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ISRN Oncology
Volume 2013 (2013), Article ID 518637, 12 pages
http://dx.doi.org/10.1155/2013/518637
Research Article

Midkine Mediates Intercellular Crosstalk between Drug-Resistant and Drug-Sensitive Neuroblastoma Cells In Vitro and In Vivo

1Children’s Hospital of Chicago Research Center, Chicago, IL 60614, USA
2Department of Surgery, Ann & Robert H. Lurie Children’s Hospital of Chicago, Feinberg School of Medicine, Northwestern University, 225 East Chicago Avenue, Box 224, Chicago, IL 60611, USA
3Department of Pathology, Ann & Robert H. Lurie Children’s Hospital of Chicago, Feinberg School of Medicine, Northwestern University, 225 East Chicago Avenue, Box 224, Chicago, IL 60611, USA
4Department of Biomedical Engineering, Washington University, St. Louis, MO, USA

Received 10 May 2013; Accepted 30 May 2013

Academic Editors: D. Canuti, C. Damodaran, W. Kildal, and H. M. Warenius

Copyright © 2013 Fei Chu et al. This is an open access article distributed under the Creative Commons Attribution License, which permits unrestricted use, distribution, and reproduction in any medium, provided the original work is properly cited.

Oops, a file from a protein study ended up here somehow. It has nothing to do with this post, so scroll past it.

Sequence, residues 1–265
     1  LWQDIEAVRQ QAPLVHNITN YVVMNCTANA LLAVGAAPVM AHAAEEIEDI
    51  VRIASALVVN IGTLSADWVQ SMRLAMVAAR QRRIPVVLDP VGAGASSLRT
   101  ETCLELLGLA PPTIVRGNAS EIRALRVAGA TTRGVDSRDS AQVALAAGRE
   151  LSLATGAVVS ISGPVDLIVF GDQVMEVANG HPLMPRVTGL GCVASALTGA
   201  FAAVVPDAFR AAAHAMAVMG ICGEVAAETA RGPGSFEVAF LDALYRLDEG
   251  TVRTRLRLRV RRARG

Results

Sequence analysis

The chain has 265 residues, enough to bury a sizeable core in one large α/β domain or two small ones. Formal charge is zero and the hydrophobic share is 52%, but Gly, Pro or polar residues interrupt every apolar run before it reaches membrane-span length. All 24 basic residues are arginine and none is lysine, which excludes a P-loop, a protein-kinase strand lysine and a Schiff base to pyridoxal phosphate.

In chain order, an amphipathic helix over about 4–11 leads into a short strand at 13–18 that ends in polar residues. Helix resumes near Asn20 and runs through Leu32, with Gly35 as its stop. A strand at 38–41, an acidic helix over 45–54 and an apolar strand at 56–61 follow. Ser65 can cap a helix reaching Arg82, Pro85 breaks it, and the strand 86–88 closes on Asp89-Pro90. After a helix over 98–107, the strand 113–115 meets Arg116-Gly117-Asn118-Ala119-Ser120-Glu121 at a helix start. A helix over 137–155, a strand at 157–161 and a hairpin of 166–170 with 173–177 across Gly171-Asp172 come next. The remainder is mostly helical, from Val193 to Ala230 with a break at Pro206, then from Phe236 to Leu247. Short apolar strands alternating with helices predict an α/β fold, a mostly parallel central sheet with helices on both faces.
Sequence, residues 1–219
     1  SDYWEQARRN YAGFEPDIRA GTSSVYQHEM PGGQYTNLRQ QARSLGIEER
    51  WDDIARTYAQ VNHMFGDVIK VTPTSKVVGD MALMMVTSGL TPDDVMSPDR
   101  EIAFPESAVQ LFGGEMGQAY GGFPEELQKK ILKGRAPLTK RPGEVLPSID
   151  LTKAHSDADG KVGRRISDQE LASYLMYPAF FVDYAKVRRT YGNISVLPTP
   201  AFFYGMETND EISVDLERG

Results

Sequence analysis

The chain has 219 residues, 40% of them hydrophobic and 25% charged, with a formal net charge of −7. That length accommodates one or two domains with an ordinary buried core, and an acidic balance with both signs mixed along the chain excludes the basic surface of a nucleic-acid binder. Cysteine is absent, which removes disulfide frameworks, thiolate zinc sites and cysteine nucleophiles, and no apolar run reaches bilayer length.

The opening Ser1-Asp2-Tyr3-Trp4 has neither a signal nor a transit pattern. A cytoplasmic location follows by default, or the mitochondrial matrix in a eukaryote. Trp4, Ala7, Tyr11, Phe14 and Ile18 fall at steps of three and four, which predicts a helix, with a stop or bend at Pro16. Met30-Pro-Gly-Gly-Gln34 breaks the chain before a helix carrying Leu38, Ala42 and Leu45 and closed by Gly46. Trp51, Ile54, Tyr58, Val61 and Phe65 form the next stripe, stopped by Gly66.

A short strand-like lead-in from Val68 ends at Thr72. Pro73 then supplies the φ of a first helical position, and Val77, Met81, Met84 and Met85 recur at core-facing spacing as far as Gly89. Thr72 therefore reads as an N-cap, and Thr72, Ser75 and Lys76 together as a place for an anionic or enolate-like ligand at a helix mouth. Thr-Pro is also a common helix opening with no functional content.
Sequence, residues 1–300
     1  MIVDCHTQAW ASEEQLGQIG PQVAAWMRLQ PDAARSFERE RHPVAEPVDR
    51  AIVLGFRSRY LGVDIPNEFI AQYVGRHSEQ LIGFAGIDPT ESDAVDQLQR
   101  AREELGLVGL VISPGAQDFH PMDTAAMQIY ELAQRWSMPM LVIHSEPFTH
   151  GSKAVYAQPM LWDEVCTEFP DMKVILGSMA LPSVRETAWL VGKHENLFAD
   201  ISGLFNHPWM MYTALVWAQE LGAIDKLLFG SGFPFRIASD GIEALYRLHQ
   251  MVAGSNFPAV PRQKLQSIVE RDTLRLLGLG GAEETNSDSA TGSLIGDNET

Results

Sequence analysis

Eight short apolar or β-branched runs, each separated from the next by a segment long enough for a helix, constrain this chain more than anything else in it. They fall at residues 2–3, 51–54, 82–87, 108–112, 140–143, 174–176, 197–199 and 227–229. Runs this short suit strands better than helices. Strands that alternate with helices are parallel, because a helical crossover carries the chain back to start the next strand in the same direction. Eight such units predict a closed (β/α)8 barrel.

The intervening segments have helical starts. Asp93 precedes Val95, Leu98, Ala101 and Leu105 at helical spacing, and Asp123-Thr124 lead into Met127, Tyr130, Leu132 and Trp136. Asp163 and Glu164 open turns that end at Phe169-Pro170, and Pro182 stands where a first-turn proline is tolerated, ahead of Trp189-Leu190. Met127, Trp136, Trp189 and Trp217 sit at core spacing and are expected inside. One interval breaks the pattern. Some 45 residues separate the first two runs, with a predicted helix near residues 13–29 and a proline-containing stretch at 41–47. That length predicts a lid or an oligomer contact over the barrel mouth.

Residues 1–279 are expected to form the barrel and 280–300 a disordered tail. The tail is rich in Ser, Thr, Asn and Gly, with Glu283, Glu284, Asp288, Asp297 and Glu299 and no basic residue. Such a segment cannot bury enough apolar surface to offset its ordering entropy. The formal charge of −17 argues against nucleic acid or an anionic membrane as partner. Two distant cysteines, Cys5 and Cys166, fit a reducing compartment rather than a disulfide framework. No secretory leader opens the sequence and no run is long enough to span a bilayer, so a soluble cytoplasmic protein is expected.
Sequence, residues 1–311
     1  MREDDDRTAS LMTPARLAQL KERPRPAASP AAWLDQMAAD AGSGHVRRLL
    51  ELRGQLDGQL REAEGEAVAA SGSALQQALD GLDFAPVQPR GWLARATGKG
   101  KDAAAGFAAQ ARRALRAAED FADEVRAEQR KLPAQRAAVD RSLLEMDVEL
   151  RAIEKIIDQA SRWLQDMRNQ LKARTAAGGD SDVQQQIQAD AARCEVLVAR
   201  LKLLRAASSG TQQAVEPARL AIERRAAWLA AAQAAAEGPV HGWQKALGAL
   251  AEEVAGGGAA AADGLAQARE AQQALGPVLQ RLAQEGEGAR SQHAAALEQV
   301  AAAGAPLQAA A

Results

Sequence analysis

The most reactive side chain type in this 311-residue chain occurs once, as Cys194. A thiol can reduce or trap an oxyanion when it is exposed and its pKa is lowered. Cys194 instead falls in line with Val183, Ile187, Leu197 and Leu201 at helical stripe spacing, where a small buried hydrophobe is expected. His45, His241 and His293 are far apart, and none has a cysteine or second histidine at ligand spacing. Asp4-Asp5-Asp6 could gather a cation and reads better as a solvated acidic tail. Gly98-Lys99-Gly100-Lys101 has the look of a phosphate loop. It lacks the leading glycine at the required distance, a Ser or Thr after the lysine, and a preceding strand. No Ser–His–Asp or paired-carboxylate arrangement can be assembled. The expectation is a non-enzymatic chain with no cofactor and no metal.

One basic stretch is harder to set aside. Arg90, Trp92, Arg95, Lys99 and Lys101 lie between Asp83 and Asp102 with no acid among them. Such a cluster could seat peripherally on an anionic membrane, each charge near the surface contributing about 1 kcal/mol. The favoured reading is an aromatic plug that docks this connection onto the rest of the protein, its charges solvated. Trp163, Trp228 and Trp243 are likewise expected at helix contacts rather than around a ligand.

Abstract

Resistance to cytotoxic agents has long been known to be a major limitation in the treatment of human cancers. Although many mechanisms of drug resistance have been identified, chemotherapies targeting known mechanisms have failed to lead to effective reversal of drug resistance, suggesting that alternative mechanisms remain undiscovered. Previous work identified midkine (MK) as a novel putative survival molecule responsible for cytoprotective signaling between drug-resistant and drug-sensitive neuroblastoma, osteosarcoma and breast carcinoma cells in vitro. In the present study, we provide further in vitro and in vivo studies supporting the role of MK in neuroblastoma cytoprotection. MK overexpressing wild type neuroblastoma cells exhibit a cytoprotective effect on wild type cells when grown in a co-culture system, similar to that seen with doxorubicin resistant cells. siRNA knockdown of MK expression in doxorubicin resistant neuroblastoma and osteosarcoma cells ameliorates this protective effect. Overexpression of MK in wild type neuroblastoma cells leads to acquired drug resistance to doxorubicin and to the related drug etoposide. Mouse studies injecting various ratios of doxorubicin resistant or MK transfected cells with GFP transfected wild type cells confirm this cytoprotective effect in vivo. These findings provide additional evidence for the existence of intercellular cytoprotective signals mediated by MK which contribute to chemotherapy resistance in neuroblastoma.